“而且,卡尔,阿迪克斯又不是第一次离开我们。”我分辩道。
“我知道不是第一次,可他每次都设法让老师管着你们。这回没听他这么说。嗯……他大概忘了。”卡尔珀尼亚搔了搔头,忽然笑了。“你和杰姆先生明夭跟我去做礼拜,怎么样?”
“真的?”
“满意吧?”卡尔珀尼亚咧嘴笑着说。
不管卡尔珀尼亚以前给我们洗澡洗得多么使劲,跟那个星期六晚上比起来简直不算回事。她两次涂了我满身肥皂,每次清洗时都用大桶提来清水。她把我的脑袋按进水盆里洗了又洗,用了八角牌肥皂,又用了橄榄香皂。杰姆洗澡的事她已多年不过问了。那天晚上却偏要干预他的私事,惹得杰姆发作一通:“难道在这个家里非要所有的人在一旁看着才能洗澡?’
第二天,比平时更早她就开始“检查”我们的衣服了。卡尔珀尼亚在我们家过夜时,就在厨房里支起个帆布床。那天早上,帆布床上堆满了我们札拜天穿的服装。她给我衣服上浆上得太多了,我往下坐时衣服鼓成帐篷一般。她给我穿上衬裙,然后用一根粉红色的腰带紧紧系上,她还把我的漆皮靴用带油脂的面包干擦得照得出她的脸。
“好象我们要去过狂欢节的最后一天似的。”杰姆说,“这是怎么回事儿,卡尔?”
“我不愿听任何人说我没照顾好我的孩子。”她低声咕哝道,“杰姆先生,你无论如何不能用那条领带配这套衣服,那是绿色的。”
“这有什么要紧?”
“衣服是蓝色曲,难道你分辨不出来?”
“嘻,嘻,”我嚷了起来,“杰姆是色盲。”
他气得满脸通红。卡尔珀尼亚马上说:“你们都别闹了,你们这是去首批房产教堂,脸上该挂着笑才对。”
非洲卫理公会监督派首批房产教堂在本镇的南端以外的黑人住宅区,老锯术厂车道的对面。这是一个古老的木架结构建筑,油漆早已剥落,也是梅科姆唯一有尖顼和大钟的教堂。把它叫做首批房产教堂,是因为它是获得自由的奴隶们用第一次挣来的钱建造的。星期天黑人在里面做礼拜,其他时候白人在里面赌钱。
教堂院子的地面是象砖一样硬的粘土,旁边的公墓也一样。如果天气干燥时死了人,就只好用冰块把尸体盖上,等雨天地皮软了才能下葬。公墓里有些坟上竖着正在碎裂的墓碑,而有些新堆的坟,就只用闪闪发亮的彩色玻璃和打破了的可日可乐瓶子来标出轮廓。有的坟上插着避雷针,告诉人们死者躲在地下还觉不安。婴儿的坟头还留着烧过的残烛。人们都愿死后葬在这里。
进了教堂后,我们闻到了有洁净习惯的黑人发出的那种气味,苦涩中夹着清香——这种气味来自一种头发油,还混合着阿魏胶鼻烟、科隆香水、嚼烟、薄荷和紫丁香爽身粉等的香气。
看到我和杰姆同卡尔珀尼亚在一起,男的边往后退边摘帽子;女人把双手交叉在腰间,这是平日表示敬意的姿势。人群分开来,为我们让出一条窄狭的过道,通到教堂门日。卡尔珀尼亚在我和杰姆中间,边走边回答着那些服饰艳丽的邻居们的问候。、
“你搞什么勾当,卡尔小姐?”从我们身后传来一个人的声音。
卡尔珀尼亚把手放到我们肩上,我们停下来回头一看,只见身后的路上站着一位很高的黑人妇女。她全身的重量全落在一只脚上,左手的肘弯顶在髋关节上,掌心朝上,指着我们。她长着圆脑袋,两只出奇的杏仁状的眼睛,一条笔直的鼻粱和一张象印第安人的弓形的嘴。看上去她有七英尺高。
我感到卡尔珀尼亚的手碰了碰我的肩膀。“你要干啥,卢拉?”她问道,用的是我从未听她用过的语调。她说得很平静,但带着鄙夷的口吻。
“我想知道你为什么把白人娃娃带进黑人教堂。”
“他们陪着我来的。”我又一次觉得她的声音特殊,她这时的语言同另外这些人一个样。
“是的,我想这个星期你都在芬奇家里。”
人群里一阵低低的声音。“别生气,”卡尔珀尼亚小声对我说,可是她自己帽子上的玫瑰花却象在气愤似的抖动。卢拉顺着过道向我们走来,卡尔珀尼亚说,“给我在那儿站住,黑鬼。”
卢拉停下来了,但是嘴里还在说:“你没有理由把自人的娃娃带副这儿来。他们有他们的教堂,我们有我们的。这教堂是我们的,对不对,卡尔小姐?”
卡尔说:“上帝只有同样的一个,对不对?”
杰姆说话了:“回家吧,卡尔。他们不要我们在这儿……”
我同意他的话,他们不要我们在这儿。我感觉到,但不是发现我们在受到攻击。他们好象把我们围得越来越紧。但我一抬头,却在卡尔珀尼亚的眼里看到喜色。我向过道再望望,卢拉不见了,一大群黑人站在她原先站过的地方。
人群里出来一个人,是齐波,他是运垃圾的。“杰姆先生,你们在这儿使我们都十分高兴,别理卢拉。她这么吵是因为赛克斯牧师吓唬她,说耍用教规来管柬她。她一向是个爱捣蛋的人,尽是怪想法,总是目中无人。你们在这儿我们非常高兴。”
于是,卡尔珀尼亚把我们领到教堂门口。赛克斯牧师对我们表示欢迎,并把我JI『1领到了前排座位上。
这个教堂的内部既没有天花板,也没油漆过。墙上突出的铜架上挂着没点燃的煤油灯,松术条凳代替了通常教堂的靠背椅。粗糙的橡木讲坛后面有一面退了色的粉红丝质旗,上面写着“主即仁爱”。除了一张用照相版印刷的亨特的《世界之光》画外,整个教堂再没有其他装饰了。象钢琴、风琴、赞美诗,礼拜程序单等等每个星期日都要在教堂里见到的东西,这几连影子都没有。室内昏暗,直到上教堂的人越聚越多,才慢慢赶走了潮湿阴冷的感觉。每个座位上都有一把廉价的硬纸做的扇子;上面花花绿绿地画着《圣经》里耶稣被出卖和被捕之地——客西马尼花园。这是廷德尔五金公司赠送的,上面印着一旬商品广告:你要什么我们就卖什么。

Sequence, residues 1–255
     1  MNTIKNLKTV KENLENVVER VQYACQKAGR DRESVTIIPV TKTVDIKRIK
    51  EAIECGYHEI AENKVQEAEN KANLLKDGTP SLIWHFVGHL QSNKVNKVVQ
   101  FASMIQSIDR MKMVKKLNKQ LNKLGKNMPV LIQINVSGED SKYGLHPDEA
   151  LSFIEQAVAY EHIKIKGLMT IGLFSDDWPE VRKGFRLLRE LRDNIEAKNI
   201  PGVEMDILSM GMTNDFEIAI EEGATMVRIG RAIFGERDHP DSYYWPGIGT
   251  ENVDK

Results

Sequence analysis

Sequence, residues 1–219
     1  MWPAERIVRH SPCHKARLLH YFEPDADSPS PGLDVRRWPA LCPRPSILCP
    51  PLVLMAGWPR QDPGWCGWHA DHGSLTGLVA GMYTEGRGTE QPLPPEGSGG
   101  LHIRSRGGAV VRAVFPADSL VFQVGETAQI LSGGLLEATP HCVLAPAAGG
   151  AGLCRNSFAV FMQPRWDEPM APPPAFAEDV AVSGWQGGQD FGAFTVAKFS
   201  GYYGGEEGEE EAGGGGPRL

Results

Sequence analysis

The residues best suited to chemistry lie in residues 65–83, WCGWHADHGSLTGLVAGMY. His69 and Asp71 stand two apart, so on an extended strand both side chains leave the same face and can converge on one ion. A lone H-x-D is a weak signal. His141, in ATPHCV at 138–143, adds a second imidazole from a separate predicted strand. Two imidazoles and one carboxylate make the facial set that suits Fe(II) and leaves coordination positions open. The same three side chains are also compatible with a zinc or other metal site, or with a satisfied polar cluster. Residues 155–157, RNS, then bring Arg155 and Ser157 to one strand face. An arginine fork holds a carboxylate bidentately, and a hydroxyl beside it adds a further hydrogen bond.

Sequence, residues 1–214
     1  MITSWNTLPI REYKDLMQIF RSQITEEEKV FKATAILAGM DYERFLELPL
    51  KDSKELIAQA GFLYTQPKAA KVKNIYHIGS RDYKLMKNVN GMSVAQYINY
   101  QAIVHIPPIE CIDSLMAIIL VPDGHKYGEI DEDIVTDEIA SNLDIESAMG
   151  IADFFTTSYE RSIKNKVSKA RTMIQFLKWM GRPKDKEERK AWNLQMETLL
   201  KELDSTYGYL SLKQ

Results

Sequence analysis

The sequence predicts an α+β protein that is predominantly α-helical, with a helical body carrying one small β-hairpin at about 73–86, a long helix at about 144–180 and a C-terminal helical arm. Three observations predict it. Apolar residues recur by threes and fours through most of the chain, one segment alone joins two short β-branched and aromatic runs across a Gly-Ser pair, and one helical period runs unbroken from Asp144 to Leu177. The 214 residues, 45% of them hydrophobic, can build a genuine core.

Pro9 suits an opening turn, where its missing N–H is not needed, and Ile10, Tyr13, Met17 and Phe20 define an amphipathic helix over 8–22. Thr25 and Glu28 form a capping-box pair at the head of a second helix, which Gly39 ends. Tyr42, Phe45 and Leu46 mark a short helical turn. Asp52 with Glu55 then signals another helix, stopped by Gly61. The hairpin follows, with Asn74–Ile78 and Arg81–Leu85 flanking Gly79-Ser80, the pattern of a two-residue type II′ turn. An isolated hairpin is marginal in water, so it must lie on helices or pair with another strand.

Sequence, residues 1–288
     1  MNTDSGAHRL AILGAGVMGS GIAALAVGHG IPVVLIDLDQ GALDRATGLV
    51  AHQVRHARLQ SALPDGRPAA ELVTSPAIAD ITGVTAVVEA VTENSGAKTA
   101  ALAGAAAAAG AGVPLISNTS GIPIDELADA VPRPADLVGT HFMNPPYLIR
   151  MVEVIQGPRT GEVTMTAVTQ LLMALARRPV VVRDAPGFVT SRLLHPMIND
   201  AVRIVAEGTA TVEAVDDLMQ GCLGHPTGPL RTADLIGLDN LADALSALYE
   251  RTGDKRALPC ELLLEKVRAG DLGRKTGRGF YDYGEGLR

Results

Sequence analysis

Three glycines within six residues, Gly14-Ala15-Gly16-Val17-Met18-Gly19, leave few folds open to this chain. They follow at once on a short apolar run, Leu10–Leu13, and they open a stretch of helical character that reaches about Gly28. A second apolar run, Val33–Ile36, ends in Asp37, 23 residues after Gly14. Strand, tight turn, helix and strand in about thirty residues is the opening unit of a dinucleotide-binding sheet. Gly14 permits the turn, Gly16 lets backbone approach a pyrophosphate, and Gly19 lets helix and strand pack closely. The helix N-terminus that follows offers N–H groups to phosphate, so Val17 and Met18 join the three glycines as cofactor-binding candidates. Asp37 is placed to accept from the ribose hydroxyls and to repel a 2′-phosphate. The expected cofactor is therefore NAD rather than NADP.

卡尔珀尼亚示意我和杰姆坐到那排座位的一头去,她自己坐在我们中间。她在钱包里找出手绢,把包在角落里酌零钱打开,给了我和杰姆各一角钱。“我们自己有,”杰姆轻轻地说。“你们留着,”卡尔珀尼亚说,“你们是陪我来的。”从杰姆的脸色看来,他犹豫了一下,不知该不该留下自己的钱。到底还是他的天生礼貌占了上风,他很快把自己的钱放进了口袋。我也痛痛快快地把钱收了起来。
“卡尔,”我小声问,“赞美诗在哪几?”
“我们没有。”她说。
“那怎么……?”
“嘘……”她说。赛克斯牧师正站在布道坛后,盯着下面韵人,等教堂安静下来。他矮小结实,穿着黑衣服、白衬衫,系着黑领带,一根金表链在从毛玻璃窗外射进来的阳光中闪闪发亮。
他开口了:“教友们,今天上午芬奇先生和芬奇小姐跟我们在一起,我们感到特别高兴。大伙都熟悉他们的父亲。我在布道前还有几件事要通知。”
赛克斯牧师在几张纸里找出一张来,伸直胳膊举着。“传遭会在教友安妮特?里夫斯家碰头,带针线活来。”
他举起另一张纸。“你们都知道了教友汤姆?鲁宾逊的情况。他从小就是首批房产教堂的忠实成员。今天和下三个星期天的捐款将送刭他妻子海伦手上,帮助她度过难关。”
我把杰姆一捅。。就是这个汤姆,阿迪克斯为他辩……”
“嘘……”
我又把脸转向卡尔珀尼亚,但还没有张嘴就被她制止了r。我没办法,只好把注意力集中到赛克斯牧师身上。他好象正等着我安定下来。“请音乐指挥带我们唱第一首赞美诗。”他说道。
齐波起身,沿中间过道走上前来,在我们前面停下来。他面对教友,手里拿着本翻旧了的赞美诗。他打开书说;“我们唱第二百七十三首。”
我再也忍不住了。“没书我们怎么能唱呢?”
卡尔珀尼亚笑了。“别出声,孩子。”她小声说,“过一会儿你就知道了。”
齐波清了一下嗓子便念了起来,声音象是远处的大炮在轰鸣。
“河的彼岸有一片土地。”
我们大伙儿象奇迹般地用同一个调子唱出了齐波的话,最后一个音节拖成沙哑低沉的嗡嗡声,然后齐波跟_r上去。
“我们称那地方为永恒的乐土。”
歌声又一次在周围晌起,最后一个音符持续了一会儿,齐波用下旬接上:“唯有信心,我们才能达到彼岸。”
教友们在迟疑,齐波认真重复了一遍,大伙便会唱了。齐唱声中,齐波合上书——一个叫教友们不要他帮助而继续唱下去的信号。
在唱到结尾处的。朱比种”时,齐波说道:“在闪烁的大河彼岸,在那遥远的永恒的乐土上。”
一句接一句,歌声再起,简单而和谐,然后结束在沉郁的低音之中。
我看着杰姆,他正斜视齐波。我也不相信能这样唱赞美诗,可是我们俩都亲耳听到了。
赛克斯牧师接着祈祷上帝赐福给病人和受苦的人们。这和我们教堂的做法没有两样,只是他请求上帝特别注意几个具体的事件。
他在布道中直截了当地谴责犯罪,严肃地宣扬他背后墙上的格言。他警告人们谨防私酿烈洒、赌博以及娟妓这些邪恶的东西。违法的酒贩在本区已经够麻烦的了,而女人比这还糟,此外,就象在我们自己的教堂里经常遇到的一样,我在这里又一次听到对于女人不纯洁的指责,仿佛所有的牧师一心想到的就是这种信条。
没有哪个星期天我和杰姆听的布道不是同样的模式,但这回是唯一的例外。赛克斯牧师把布道坛运用得更灵活,说出了他对人的堕落的看法:吉姆?哈迪有五个星期天没有来做礼拜了,而他并没有生病;康斯坦斯?杰克逊最好检查一下自己的行为,她因与邻居争吵正处在严重的危险之中,她第一个在本地区立起了怨恨的篱笆。